MACON, Ga. — Musician James Worsham says he's lived in Macon for the last three years. He says this was supposed to be an eventful summer.
"I had a pretty big summer coming up before all this happened. I had probably 15 dates cancelled like overnight," he says.
Instead, he had to step away from performing live.
"I increased my hours at work doing consulting and I've started producing for other artists a lot more, and I kind of, just to myself, decided I'm not going to play any shows until next year. I might play one or two if something comes up that feels safe," says Worsham.
As we head into month five, Worsham says his mindset has changed. "I'm not in the mood to play music right now to be honest."
Worsham is just one full-time musician forced to get creative with ways to make a living due to COVID-19. Another is 24-year-old Hughes Taylor.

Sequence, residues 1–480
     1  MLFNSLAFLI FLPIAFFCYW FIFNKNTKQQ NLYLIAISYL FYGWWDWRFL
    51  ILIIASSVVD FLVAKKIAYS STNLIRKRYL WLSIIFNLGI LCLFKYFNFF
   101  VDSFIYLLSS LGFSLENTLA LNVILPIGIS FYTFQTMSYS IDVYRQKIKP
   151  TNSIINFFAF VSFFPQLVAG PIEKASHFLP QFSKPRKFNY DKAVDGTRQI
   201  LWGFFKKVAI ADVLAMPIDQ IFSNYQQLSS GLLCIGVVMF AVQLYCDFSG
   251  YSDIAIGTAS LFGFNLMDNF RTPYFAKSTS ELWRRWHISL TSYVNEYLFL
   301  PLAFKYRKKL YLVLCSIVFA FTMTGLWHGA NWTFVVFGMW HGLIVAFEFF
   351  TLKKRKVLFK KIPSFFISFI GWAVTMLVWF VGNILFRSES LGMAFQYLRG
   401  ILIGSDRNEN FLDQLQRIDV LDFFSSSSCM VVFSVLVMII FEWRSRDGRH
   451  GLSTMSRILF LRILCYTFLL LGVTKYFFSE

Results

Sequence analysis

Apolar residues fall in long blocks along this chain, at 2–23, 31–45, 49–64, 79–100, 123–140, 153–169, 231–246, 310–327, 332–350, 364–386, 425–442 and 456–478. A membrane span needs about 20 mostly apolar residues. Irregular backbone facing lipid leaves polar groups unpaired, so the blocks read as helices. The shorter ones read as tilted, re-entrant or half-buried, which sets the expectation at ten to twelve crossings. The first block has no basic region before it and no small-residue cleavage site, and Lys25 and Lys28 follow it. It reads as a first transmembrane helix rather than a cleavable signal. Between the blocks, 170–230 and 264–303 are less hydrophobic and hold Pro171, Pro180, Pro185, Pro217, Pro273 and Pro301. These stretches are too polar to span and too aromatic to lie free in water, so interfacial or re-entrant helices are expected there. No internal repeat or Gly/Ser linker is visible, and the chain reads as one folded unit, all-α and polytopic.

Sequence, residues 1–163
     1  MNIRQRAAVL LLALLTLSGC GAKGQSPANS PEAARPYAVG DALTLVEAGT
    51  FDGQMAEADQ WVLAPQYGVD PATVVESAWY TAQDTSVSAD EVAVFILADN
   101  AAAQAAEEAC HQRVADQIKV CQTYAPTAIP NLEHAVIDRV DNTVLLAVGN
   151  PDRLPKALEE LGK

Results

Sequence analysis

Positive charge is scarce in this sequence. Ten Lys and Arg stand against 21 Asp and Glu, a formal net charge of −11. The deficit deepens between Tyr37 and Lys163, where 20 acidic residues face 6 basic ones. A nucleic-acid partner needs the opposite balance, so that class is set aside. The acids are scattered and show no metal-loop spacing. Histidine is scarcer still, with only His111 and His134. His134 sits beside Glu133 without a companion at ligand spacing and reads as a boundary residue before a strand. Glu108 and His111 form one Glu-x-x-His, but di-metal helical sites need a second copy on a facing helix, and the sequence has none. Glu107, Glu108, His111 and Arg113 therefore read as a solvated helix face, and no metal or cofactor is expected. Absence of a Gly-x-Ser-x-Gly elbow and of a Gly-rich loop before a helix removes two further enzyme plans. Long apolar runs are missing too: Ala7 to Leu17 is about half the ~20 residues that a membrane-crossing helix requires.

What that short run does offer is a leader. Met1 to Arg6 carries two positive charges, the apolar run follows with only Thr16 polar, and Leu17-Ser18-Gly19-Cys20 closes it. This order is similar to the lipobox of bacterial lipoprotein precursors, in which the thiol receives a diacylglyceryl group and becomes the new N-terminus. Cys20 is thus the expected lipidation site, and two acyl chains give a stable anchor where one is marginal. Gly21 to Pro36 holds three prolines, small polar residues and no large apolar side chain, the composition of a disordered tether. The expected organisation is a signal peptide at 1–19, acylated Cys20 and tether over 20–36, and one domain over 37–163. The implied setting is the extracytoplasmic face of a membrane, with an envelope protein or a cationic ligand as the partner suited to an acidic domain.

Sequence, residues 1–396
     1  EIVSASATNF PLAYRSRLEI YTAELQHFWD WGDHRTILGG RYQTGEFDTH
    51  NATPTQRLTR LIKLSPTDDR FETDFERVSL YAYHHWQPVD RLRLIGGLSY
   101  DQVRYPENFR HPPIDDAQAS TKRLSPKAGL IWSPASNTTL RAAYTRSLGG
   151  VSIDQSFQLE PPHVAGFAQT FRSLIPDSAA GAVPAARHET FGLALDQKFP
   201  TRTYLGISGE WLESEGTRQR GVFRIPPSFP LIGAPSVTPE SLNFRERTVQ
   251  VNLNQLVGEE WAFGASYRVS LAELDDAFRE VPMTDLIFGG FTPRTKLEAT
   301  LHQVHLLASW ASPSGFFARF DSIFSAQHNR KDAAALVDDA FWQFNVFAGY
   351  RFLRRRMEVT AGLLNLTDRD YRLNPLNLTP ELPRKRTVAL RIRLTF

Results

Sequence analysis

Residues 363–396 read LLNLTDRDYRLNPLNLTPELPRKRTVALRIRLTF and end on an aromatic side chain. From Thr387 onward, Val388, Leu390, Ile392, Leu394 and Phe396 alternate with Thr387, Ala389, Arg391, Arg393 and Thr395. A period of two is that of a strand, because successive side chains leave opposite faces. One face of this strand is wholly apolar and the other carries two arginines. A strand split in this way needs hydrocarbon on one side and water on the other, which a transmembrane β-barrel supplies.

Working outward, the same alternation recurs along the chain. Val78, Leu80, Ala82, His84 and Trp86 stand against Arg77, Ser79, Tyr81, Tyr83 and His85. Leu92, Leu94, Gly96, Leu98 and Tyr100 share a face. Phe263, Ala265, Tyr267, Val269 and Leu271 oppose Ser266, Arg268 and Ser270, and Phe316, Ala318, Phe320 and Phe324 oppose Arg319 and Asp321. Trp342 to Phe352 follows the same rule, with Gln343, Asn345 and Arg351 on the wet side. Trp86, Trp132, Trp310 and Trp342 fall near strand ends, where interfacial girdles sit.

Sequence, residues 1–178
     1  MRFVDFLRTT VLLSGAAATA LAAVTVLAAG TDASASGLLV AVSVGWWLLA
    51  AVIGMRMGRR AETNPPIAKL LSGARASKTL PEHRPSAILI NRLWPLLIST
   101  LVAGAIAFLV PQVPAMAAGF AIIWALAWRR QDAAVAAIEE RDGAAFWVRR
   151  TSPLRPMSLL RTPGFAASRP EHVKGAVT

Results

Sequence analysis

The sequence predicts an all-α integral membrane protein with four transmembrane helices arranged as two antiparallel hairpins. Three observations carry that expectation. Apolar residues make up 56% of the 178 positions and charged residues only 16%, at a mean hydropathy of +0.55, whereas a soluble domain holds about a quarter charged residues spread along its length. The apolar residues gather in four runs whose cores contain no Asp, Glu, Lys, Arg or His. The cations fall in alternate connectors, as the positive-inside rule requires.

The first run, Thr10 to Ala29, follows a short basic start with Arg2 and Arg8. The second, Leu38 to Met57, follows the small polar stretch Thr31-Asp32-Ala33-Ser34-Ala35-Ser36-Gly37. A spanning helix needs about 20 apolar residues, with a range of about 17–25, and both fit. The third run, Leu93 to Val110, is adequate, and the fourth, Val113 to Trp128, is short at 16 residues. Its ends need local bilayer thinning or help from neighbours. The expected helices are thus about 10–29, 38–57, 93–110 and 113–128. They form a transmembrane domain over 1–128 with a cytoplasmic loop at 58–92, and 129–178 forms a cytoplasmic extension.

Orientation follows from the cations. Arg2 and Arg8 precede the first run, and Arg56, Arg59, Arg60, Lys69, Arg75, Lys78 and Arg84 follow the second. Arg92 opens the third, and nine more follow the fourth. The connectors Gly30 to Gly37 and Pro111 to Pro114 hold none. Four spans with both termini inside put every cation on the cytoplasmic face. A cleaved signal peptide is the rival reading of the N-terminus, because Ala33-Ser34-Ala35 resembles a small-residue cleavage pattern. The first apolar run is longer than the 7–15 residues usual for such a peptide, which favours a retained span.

"When I can't perform, which is what I know I'm meant to do, and when I can't do that, it's tough," he says.
Taylor is a blues artist and Macon native who now performs across the state.
"You wanna stay ahead of the curve, but you don't really know what that's gonna be, it's just kind of doing whatever you can," says Taylor.
For him, that means making money from Facebook Live videos, a website, and paid subscribers, who he refers to as 'the Hughes Blues Crew'.
"They get all the music I ever put out before it ever hits the stores, like months and months and months in advance, so they already have access to all my stuff. That's how I'm keeping in touch with my fanbase," says Taylor.
Hughes says live gigs are starting up again, especially in north Georgia, but he'll still make sure to keep his online presence a regular one.
Both Worsham and Taylor say they're working on new music and hope to release something before the end of the year.